Chrystia Freeland is running for Toronto Centre. Literally.
On a mid-November night in Moore Park, with the temperature dipping below zero, the Liberal candidate in the Nov. 25 byelection in Toronto Centre runs between houses while canvassing door-to-door.
“You can’t get through this neighbourhood without running,” Freeland quips as she takes off to the next house, on Errington Avenue.
That house happens to have a large Liberal lawn sign planted firmly by the sidewalk.
“These guys are already supporters,” she says, before heading up the walk to the front door. “I’m going to knock and say thanks.”
Behind the door is a familiar face: a personal friend and financial donor to the Liberal campaign, something that happens with some regularity over the course of a couple of hours.
Despite the fun, Freeland recognizes a serious side to the campaign. She says she’s fighting two battles at once in this byelection, and neither is a battle she feels she can afford to lose.
“I really feel that our motto is ‘don’t take anything for granted’ and I think that is the absolutely correct and essential motto to have,” she said post-canvass. “This is really hotly contested, and we face stiff competition from the NDP in the south part of the riding, and then the Conservatives are present in the north part of the riding.”
Though the Conservatives have arguably not been strong contenders in Toronto Centre since last holding the riding in the 1988 election, Freeland is not willing to ignore them as contenders.
“I always tell people I think it’s important to remember the national picture,” she said. “It’s important very much not to write
the Conservatives out of the story. They are the government of the country.”
The race has mostly been discussed as a two-way battle, however, between Freeland and NDP candidate Linda McQuaig. They are seen as comfortably ahead of Conservative Geoff Pollock in their pursuit of the seat vacated by former interim Liberal Party leader Bob Rae, who is now representing a Native interest group in talks with the Ontario government.
Eight other candidates are running. Along with four independents, they include Green Party nominee John Deverell, Libertarian Judi Falardeau, the Online Party of Canada’s Michael Nicula and Progressive Canadian Party candidate Dorian Baxter, an Elvis impersonator and priest who goes by the name The Reverend Elvis Priestly.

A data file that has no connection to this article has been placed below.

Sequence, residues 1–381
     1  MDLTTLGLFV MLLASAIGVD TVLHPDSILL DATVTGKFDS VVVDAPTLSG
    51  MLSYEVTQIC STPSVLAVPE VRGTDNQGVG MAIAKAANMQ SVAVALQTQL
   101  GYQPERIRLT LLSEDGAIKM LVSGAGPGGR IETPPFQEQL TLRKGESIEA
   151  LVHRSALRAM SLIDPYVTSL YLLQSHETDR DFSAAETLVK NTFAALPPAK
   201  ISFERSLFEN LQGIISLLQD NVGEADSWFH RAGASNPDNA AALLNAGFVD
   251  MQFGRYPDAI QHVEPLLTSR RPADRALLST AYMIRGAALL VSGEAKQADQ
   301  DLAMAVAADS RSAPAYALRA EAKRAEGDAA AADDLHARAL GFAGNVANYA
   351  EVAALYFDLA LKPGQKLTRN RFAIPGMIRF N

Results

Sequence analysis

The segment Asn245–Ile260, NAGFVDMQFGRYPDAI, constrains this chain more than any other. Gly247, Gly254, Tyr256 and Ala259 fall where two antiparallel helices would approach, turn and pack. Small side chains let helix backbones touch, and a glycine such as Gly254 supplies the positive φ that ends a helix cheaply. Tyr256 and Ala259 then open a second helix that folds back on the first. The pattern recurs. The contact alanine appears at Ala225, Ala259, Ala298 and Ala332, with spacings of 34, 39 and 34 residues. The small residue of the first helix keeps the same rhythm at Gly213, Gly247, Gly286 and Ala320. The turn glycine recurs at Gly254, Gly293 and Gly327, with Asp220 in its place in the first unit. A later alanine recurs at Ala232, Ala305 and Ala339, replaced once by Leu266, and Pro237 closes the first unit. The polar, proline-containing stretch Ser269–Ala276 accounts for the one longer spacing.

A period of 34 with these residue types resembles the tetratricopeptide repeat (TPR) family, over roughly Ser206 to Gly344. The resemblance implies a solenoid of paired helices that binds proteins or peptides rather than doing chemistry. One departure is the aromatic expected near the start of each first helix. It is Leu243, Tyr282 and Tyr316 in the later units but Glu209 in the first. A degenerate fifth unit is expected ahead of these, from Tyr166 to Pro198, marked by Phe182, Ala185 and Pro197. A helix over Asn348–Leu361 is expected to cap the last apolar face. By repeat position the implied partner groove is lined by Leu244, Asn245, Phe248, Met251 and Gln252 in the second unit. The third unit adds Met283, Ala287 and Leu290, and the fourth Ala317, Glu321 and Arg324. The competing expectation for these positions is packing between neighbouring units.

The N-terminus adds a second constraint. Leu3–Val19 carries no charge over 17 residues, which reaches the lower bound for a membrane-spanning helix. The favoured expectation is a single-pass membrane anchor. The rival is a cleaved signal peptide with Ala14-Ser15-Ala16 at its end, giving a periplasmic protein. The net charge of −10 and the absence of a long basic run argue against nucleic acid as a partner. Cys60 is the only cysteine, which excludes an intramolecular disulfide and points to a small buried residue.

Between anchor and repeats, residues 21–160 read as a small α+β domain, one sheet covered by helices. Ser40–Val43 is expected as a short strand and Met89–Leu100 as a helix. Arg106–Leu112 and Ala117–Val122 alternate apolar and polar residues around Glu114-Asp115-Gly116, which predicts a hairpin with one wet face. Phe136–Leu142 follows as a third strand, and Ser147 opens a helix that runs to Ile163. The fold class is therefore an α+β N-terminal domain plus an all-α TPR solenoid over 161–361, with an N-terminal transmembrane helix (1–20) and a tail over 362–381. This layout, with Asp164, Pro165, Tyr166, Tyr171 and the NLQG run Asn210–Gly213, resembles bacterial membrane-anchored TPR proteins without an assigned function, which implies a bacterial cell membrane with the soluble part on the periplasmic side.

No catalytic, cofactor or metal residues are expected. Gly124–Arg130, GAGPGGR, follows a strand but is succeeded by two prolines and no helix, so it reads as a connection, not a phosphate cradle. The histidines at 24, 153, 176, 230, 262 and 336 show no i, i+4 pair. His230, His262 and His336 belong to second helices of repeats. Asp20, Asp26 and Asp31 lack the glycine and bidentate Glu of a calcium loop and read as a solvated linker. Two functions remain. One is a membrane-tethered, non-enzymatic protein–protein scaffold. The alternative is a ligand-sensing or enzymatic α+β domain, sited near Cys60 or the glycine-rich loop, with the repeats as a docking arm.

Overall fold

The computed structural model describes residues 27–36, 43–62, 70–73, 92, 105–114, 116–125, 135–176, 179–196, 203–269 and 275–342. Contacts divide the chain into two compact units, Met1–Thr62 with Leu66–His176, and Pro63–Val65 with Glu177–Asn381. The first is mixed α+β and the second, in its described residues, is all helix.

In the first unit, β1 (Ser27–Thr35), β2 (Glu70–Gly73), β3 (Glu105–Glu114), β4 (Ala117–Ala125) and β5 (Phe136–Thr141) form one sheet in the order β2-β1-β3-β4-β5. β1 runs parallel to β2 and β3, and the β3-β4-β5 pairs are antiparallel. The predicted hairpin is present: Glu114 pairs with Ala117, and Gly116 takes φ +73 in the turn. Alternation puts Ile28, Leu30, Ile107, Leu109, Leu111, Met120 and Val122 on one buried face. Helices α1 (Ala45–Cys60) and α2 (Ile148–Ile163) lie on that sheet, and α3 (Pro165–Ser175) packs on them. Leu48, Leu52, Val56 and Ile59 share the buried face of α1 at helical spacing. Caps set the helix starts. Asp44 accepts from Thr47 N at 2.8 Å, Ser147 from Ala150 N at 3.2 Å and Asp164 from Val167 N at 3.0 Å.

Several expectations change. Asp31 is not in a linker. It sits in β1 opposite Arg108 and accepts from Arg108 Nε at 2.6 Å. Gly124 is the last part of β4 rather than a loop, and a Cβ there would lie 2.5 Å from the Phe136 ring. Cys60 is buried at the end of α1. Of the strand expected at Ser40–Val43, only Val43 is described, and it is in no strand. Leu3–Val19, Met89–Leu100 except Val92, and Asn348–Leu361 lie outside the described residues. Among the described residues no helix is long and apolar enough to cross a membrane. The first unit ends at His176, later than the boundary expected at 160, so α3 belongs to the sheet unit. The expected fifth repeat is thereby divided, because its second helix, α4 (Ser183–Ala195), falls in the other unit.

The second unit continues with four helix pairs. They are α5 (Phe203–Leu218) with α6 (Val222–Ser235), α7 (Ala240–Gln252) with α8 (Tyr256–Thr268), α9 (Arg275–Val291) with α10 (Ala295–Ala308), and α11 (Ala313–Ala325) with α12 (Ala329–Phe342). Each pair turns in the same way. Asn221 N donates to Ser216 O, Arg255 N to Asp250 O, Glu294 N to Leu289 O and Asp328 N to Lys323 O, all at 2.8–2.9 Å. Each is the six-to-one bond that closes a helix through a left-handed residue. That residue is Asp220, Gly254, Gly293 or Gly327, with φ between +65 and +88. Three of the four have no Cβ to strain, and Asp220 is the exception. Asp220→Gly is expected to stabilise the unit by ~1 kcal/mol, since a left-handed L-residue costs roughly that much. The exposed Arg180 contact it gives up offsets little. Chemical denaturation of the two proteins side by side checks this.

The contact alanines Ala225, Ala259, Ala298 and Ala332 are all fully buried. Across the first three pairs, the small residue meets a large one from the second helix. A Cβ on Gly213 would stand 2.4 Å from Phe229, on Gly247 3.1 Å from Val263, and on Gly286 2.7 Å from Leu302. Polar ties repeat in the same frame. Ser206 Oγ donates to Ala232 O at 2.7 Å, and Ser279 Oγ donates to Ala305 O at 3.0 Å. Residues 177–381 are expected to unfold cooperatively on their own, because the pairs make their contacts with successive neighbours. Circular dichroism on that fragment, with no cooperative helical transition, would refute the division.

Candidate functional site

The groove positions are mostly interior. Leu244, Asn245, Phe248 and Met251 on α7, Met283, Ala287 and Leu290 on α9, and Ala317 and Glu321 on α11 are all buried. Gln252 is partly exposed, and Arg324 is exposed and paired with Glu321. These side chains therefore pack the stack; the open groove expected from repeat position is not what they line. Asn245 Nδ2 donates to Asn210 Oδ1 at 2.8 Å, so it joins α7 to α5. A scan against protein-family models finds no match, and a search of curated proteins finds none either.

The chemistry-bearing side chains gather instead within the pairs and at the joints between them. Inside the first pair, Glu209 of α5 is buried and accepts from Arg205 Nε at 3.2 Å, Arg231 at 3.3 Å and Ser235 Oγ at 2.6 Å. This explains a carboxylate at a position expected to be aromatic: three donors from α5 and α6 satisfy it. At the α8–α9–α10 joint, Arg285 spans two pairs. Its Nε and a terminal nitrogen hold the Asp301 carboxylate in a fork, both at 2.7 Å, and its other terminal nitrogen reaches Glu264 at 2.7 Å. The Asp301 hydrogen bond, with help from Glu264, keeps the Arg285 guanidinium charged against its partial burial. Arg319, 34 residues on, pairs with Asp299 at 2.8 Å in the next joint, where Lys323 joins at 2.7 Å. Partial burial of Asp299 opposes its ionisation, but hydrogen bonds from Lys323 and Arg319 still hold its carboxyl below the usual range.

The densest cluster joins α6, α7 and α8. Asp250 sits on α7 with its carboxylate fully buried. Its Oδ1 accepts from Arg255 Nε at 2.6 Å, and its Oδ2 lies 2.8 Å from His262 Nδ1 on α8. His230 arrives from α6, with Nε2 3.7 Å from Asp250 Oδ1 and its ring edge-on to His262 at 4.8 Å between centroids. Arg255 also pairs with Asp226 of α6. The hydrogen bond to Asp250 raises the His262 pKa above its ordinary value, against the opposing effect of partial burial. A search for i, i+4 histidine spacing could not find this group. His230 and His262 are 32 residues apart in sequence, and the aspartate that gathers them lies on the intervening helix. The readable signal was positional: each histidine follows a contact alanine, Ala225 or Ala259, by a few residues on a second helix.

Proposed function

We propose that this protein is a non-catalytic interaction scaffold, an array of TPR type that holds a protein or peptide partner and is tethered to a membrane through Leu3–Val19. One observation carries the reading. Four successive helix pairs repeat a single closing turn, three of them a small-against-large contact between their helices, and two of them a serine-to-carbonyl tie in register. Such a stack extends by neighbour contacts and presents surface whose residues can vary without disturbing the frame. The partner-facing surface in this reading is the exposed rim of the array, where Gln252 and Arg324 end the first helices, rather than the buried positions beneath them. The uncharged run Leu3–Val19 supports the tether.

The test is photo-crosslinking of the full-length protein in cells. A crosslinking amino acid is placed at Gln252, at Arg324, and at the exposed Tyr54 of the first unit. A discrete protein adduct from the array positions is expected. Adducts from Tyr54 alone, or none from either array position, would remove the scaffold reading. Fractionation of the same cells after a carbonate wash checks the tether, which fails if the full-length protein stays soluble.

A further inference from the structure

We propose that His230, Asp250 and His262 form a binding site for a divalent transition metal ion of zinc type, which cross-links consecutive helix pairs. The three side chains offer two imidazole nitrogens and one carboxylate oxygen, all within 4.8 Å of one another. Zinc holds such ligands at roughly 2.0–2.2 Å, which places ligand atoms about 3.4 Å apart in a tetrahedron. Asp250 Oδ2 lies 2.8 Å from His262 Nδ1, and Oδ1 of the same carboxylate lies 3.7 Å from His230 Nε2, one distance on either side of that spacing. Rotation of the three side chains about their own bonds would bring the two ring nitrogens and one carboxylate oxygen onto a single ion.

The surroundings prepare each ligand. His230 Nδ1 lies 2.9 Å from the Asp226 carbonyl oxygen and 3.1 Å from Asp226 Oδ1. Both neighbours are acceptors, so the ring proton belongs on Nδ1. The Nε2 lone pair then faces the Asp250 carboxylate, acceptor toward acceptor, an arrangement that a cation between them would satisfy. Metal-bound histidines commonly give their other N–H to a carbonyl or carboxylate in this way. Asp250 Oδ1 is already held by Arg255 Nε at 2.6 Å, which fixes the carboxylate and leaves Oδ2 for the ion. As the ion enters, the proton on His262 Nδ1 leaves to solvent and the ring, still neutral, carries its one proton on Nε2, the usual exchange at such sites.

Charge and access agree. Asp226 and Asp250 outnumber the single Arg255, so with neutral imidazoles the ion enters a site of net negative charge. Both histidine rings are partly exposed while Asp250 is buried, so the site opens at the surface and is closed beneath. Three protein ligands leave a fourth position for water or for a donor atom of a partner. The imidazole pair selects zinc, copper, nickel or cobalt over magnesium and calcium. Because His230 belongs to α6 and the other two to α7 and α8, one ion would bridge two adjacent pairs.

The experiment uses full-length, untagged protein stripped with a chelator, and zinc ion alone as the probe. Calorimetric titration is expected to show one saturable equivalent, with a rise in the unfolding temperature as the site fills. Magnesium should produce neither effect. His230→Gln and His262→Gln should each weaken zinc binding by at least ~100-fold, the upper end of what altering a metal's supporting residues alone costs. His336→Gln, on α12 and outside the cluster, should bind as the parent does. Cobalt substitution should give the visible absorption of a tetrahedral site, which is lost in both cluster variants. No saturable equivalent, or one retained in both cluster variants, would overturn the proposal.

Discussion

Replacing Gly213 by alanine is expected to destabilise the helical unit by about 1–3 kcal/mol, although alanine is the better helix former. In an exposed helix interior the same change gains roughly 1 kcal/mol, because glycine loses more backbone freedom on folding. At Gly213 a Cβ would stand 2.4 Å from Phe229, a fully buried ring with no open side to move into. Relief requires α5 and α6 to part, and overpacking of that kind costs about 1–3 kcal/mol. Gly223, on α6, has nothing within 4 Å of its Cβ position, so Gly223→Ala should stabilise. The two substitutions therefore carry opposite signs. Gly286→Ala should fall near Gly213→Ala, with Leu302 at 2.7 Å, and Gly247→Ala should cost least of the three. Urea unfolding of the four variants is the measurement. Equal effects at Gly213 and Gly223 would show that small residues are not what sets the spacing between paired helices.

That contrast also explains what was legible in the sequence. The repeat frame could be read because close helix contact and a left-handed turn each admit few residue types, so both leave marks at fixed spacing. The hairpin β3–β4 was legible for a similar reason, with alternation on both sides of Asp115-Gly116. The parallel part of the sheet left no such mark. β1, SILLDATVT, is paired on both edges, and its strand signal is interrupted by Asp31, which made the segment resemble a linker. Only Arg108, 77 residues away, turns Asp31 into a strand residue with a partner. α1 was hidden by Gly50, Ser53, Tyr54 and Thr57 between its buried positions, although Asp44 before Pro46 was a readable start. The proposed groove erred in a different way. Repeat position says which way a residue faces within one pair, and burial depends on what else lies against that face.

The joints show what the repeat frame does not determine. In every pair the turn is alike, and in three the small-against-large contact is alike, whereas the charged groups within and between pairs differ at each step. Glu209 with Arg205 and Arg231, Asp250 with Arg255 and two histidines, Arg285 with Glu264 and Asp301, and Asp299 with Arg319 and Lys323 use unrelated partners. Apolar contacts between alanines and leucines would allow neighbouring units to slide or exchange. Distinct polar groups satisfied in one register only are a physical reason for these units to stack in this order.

The list is rounded out by Bahman Yazdanfar, who has previously run as part of the Canadian’s Choice Party; Leslie Bory, who previously claimed to be part of the Maple Party of Canada; John Turmel, who holds the Guinness World Record for most elections contested and lost (with 78 and 77, respectively); and former homeless man and mayoral candidate Kevin Clarke, who is also founder of the provincial People’s Political Party.
The mixed bag of candidates reflects the diversity of the riding itself, but one thing that’s consistent throughout the riding, according to Freeland, is the political engagement of its constituents.
“Toronto Centre is a riding, in my experience, where people are very smart and very well-informed, and so you sort of get what’s happening on a national stage and can feel it coming through the canvass,” she said, likening it to how social media works. “It’s kind of like trending on Twitter, trending on your canvass — as different stories trend you kind of feel them coming through your canvass.”
Those stories, including the Senate scandal, have been indicated in recent polls as affecting the opinion of voters on which party
they would support in the next election. And Freeland thinks the four federal byelections on Nov. 25 will be the best reflection of where the nation’s opinions truly lie.
“I think they are being viewed by a lot of the media, politicos and some voters as a big test of the national mood,” she said. “And probably the biggest one we’ll have ahead of the general election.”
Considering that mix of local political awareness and current headlines regarding scandals in government, Freeland thinks a change from the traditional results of byelection voter turnouts may be in the offing.
“You should be careful not to draw too many conclusions from anecdotal experience,” she said. “Voter turnout is low in byelections, but talking to people we find that people are pretty engaged.”
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